RV Camping Home
We received the following document via email from http://www.westernslopenofee.org/...
National Forest, State: Chequamegon-Nicolet NF, Wisconsin
Proposed Action: Increase day use fees at all current developed site fee areas on the forest. The fee is a vehicle based fee allowing all participants in a vehicle access.
Fees are outlined below.
Day Use Fees
Daily Vehicle Fee
$3 -$5 +$2
Annual Vehicle Fee
$10 - $20* +$10
* A second vehicle annual pass for the same household would cost $10. Limit one $10 vehicle household pass per each $20 pass purchased.
Site Description: This proposal affects 77 developed day use sites on the Forest. These sites include developed trailheads, boat launches, picnic areas, and beaches. All of the sites provide the Recreation Enhancement Act required amenities for charging a standard amenity fee.
Current Fee: See table above.
Reason for New Fee or Fee Change: The developed day use site fees have not changed since 1998. The forest has made significant improvements to most of our day use sites over the past several years.
The following list reflects those improvements accomplished since 2001:
Installed 6 new vault toilet buildings
Rebuilt 10 boat ramps
Installed 7 accessible boat docks
Installed 3 accessible fishing piers
Constructed and installed 10 bulletin boards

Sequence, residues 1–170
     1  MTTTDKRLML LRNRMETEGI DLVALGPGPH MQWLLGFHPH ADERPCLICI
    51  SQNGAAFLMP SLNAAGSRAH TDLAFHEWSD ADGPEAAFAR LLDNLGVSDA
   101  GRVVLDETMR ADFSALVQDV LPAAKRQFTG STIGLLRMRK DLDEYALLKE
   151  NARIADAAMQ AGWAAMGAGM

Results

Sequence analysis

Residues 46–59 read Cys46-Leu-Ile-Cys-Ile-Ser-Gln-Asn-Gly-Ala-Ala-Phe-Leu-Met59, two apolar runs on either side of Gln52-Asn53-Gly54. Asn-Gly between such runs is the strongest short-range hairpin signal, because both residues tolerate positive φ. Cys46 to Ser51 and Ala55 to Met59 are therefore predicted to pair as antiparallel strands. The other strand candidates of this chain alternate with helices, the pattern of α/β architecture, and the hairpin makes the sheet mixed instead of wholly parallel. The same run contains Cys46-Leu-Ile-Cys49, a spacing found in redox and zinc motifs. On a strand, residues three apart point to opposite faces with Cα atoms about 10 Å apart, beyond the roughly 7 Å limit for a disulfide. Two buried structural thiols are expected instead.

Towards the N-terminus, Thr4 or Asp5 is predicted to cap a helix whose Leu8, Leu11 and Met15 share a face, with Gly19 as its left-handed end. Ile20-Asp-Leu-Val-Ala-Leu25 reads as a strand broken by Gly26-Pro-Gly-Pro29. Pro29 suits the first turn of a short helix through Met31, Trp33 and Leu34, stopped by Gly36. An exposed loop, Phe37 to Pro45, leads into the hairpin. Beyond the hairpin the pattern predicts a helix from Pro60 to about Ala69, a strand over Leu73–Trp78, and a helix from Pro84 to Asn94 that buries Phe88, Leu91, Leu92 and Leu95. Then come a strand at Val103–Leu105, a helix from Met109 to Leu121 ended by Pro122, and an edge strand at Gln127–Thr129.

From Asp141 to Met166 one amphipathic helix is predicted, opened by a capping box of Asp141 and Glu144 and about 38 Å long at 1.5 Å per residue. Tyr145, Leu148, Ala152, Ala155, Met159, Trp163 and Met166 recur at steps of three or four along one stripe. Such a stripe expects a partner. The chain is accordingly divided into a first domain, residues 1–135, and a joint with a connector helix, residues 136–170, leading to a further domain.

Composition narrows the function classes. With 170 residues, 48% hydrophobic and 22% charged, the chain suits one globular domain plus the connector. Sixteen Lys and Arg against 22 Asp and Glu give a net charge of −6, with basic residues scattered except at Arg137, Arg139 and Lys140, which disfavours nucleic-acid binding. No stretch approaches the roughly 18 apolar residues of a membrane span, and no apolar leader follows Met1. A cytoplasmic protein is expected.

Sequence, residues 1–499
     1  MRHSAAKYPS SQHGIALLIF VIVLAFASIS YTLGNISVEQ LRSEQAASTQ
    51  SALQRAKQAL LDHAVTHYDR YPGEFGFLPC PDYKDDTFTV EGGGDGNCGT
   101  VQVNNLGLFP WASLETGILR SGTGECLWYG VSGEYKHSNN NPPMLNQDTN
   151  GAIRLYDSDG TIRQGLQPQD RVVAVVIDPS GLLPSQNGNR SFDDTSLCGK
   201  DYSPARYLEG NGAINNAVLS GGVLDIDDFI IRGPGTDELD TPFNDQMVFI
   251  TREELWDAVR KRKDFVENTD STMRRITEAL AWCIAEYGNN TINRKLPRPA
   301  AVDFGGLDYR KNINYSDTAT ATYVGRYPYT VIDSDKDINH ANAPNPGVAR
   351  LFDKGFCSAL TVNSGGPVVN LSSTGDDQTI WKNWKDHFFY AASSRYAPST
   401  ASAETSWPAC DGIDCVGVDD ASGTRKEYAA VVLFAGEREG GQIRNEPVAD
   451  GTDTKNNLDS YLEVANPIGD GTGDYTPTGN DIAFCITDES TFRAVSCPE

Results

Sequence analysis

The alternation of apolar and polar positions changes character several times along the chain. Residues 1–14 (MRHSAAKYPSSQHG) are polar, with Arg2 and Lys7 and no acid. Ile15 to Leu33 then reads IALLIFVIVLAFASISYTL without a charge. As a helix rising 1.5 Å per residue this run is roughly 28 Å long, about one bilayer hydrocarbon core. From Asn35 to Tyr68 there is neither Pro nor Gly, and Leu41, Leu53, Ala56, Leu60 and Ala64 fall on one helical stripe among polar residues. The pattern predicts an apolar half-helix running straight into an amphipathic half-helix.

Purchased and installed 56 recreation trail signs
Reprinted 8 recreation brochures/maps
Constructed 19 miles of bike and snowshoe trail
Remodeled flush toilet bathrooms at two day use sites
Reconstructed 3 trailhead parking areas
The above improvements are in addition to annual maintenance items such as cross country ski trail grooming; snow plowing ski trail parking lots; snow plowing boat landings for winter access for ice fishing; and maintenance of trailheads, boat landings, and beaches. This proposed increase in fees reflects these improved facilities and allows the forest to continue the high level of maintenance that the public has grown accustomed to by continuing to clean facilities on a regularly scheduled basis, maintain parking and other improvements, and maintain a Forest Service presence in the developed day use sites both for visitor information and law enforcement purposes.
Benchmark Price Comparisons for Similar Facilities & Services:
Forest Service: In the Eastern Region within the lake states area (Chippewa, Superior, Ottawa, Huron-Manistee, and Hiawatha National Forests), the price for daily access to higher developed day use sites ranges from $3-$5 per vehicle per day to $20 to $25 for an annual vehicle pass.